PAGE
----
Analysis: White House Aims to Stabilize Oil Prices After Sanctions


The Russian invasion of Ukraine has had many consequences on the world’s economy, starting with the sharp increase in oil and gas prices. Western countries, such as the United States, have made economic sacrifices in order to impose sanctions on Russia. In fact, the White House has banned imports of Russian oil altogether, while more dependent European countries hesitate. To soften the economic blow felt in the US, the Biden administration stated that it will release around 180 million barrels of oil from the US’ Strategic Petroleum Reserve in the coming six months. This will represent the largest oil release in US history, at one million barrels per day. The White House also warned domestic oil companies that they could be punished if they did not increase drilling in line with the administration’s new timeline.

US President Joe Biden justified this move on March 31, reiterating his intention to slow the rise in oil prices that is financially harming US households. Additionally, he affirmed that prices should not depend on a “dictator’s” decision to start a war. Biden’s initiative aims to decrease the pump price for gas by anything between “10 cents to 35 cents a gallon,” as the president stated. 

Though this decision may lessen living costs, it will drain the US Strategic Petroleum Reserve of almost one third of its total capacity, taking it to a record low since 1984. This also comes at a time when political pressure is ramping up, with the Biden administration seeing a rise in criticism and a drop in approval ratings, due in part to the surge in fuel prices. In a statement, the White House justified its decision by stating that “the world has never had a release of oil reserves at this one million per day rate for this length of time. This record release will provide a historic amount of supply to serve as a bridge until the end of the year, when domestic production ramps up.”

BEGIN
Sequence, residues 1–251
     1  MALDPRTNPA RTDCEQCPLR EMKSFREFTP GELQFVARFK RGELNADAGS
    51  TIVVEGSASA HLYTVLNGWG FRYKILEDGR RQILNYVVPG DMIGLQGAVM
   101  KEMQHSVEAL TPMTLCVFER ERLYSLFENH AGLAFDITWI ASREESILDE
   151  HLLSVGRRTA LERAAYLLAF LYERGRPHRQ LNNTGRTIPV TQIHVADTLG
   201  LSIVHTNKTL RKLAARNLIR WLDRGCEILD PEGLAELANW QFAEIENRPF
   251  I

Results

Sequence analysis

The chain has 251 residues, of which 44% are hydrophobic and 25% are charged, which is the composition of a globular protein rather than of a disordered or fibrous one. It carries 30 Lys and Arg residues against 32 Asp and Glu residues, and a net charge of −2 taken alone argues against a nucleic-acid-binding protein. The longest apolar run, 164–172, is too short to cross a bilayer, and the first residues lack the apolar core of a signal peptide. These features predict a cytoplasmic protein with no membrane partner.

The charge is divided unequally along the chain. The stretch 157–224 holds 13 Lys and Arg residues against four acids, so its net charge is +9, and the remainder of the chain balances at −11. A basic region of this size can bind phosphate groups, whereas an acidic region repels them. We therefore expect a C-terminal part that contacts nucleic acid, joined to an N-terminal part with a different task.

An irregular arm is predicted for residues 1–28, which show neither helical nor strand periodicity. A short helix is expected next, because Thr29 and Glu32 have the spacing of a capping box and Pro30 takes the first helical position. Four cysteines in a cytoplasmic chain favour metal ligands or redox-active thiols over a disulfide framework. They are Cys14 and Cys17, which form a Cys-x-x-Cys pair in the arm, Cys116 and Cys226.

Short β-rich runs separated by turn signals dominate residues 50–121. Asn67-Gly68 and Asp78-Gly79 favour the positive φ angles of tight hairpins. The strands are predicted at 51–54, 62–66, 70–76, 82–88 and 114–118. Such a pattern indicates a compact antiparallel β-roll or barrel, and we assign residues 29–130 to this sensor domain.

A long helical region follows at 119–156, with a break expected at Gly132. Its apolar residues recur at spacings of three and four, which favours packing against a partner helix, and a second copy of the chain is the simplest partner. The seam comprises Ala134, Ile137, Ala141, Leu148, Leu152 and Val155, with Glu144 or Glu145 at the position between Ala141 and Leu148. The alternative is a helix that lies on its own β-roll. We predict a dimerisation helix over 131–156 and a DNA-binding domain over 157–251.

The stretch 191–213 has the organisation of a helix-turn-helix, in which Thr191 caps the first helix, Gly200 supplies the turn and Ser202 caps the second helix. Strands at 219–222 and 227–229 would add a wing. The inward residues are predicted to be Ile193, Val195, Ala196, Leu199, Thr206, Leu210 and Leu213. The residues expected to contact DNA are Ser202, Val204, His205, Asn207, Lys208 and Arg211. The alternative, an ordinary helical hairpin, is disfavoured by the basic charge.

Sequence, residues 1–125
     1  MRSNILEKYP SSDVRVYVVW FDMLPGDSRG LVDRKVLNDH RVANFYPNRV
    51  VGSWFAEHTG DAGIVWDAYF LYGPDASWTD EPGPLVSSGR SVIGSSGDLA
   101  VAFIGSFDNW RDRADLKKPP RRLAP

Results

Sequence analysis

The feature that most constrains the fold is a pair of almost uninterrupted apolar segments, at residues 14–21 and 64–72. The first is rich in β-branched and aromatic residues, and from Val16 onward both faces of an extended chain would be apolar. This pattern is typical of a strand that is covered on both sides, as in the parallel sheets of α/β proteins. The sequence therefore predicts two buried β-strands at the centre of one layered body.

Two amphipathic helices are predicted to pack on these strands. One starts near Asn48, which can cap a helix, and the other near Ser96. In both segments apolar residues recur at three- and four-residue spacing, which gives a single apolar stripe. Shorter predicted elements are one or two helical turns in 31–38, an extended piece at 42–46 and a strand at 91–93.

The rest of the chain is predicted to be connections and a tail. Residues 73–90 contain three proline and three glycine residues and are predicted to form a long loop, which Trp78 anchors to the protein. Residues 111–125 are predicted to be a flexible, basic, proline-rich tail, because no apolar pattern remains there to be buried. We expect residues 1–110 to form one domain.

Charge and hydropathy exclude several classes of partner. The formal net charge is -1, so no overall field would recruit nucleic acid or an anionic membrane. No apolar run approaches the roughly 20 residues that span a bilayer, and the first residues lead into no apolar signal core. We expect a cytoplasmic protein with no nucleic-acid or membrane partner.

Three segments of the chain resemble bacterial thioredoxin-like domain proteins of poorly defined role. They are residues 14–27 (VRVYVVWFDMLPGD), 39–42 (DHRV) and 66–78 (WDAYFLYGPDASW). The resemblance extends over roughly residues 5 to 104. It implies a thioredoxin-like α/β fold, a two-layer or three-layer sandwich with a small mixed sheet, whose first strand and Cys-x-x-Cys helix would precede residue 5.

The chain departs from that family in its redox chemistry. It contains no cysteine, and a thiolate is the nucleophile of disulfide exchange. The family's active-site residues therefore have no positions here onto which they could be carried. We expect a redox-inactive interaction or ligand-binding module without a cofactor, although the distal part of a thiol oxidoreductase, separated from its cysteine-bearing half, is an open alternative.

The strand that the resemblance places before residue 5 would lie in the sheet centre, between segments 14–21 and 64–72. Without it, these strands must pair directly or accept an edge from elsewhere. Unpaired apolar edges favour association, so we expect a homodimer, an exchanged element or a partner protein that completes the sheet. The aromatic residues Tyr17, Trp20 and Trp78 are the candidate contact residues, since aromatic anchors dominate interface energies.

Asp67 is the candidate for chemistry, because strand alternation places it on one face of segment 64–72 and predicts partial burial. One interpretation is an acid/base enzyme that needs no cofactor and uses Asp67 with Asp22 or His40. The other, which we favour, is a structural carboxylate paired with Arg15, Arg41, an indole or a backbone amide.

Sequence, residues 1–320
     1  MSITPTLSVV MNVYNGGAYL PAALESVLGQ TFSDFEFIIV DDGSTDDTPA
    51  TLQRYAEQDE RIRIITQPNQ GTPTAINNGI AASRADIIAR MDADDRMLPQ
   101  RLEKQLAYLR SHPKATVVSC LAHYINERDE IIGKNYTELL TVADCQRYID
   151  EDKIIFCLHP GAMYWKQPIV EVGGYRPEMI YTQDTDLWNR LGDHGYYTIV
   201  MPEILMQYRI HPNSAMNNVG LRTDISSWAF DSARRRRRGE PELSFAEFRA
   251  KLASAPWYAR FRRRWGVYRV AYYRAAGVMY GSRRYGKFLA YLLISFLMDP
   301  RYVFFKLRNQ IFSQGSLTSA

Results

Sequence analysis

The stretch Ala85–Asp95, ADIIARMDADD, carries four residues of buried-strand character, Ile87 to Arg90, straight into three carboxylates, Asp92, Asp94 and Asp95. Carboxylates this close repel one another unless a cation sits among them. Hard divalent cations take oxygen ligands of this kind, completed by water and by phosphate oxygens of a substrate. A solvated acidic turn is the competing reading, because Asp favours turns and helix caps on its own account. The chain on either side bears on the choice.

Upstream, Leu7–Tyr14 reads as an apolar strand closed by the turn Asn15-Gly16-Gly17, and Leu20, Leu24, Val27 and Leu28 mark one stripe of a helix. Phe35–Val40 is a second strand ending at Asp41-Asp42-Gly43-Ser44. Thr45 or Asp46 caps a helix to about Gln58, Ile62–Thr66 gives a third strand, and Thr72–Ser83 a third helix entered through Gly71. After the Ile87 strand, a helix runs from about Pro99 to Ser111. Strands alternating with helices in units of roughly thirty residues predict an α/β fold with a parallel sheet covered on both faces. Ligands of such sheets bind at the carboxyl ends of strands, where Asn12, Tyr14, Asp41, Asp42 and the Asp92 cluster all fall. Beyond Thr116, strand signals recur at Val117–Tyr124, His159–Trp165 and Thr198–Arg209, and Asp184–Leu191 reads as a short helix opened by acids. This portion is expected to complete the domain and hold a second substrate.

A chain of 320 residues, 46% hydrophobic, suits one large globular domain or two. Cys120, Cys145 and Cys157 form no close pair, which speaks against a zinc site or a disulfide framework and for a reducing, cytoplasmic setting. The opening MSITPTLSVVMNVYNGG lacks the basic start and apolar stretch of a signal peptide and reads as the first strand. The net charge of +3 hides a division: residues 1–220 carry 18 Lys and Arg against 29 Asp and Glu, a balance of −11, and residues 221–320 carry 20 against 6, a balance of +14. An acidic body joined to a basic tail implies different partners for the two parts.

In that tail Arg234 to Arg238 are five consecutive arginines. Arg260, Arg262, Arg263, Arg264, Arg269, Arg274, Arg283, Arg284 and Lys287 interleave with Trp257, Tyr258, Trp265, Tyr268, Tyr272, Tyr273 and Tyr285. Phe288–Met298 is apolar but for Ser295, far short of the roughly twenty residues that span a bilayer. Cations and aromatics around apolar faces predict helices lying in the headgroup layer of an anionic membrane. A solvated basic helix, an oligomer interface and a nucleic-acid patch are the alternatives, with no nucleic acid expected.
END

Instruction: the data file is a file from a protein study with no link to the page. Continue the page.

The White House also announced that domestic oil producers will have to pay fees “on wells from their leases that they haven’t used in years and on acres of public lands that they are hoarding without producing.” These fees will not concern companies that are using their leased acres and wells. An administration official stated that the Department of Energy will restock the reserves once prices decrease, although no threshold has been specified as of yet.

Biden’s decision has left oil investors skeptical on long-term implications. “History shows that SPR releases are not particularly effective at controlling [oil] prices,” says Dan Pickering, founder of the Pickering Energy Partners investment group, “you’re not fixing a structural problem of supply and demand.”

The US is also seeking assistance from other states, asking them to release oil from their own reserves. Despite US and UK pressures to increase its productivity, OPEC has decided to continue supplying oil as usual. 

Without global cooperation, experts fear that Biden’s decision may be doomed to fail. For now, no significant economic changes have been noted, leaving only time to tell if the US’ gamble will pay off.

Featured image by: Reuters.

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